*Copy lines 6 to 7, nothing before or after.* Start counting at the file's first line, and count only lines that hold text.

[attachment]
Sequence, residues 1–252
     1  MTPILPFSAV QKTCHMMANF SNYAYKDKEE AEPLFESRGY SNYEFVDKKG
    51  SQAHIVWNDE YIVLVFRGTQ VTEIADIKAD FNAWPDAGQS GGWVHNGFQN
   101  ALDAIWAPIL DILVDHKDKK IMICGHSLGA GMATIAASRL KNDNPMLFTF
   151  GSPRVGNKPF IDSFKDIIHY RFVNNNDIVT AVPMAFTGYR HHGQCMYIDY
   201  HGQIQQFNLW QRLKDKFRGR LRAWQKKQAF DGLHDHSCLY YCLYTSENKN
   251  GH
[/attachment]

   201  HGQIQQFNLW QRLKDKFRGR LRAWQKKQAF DGLHDHSCLY YCLYTSENKN
   251  GH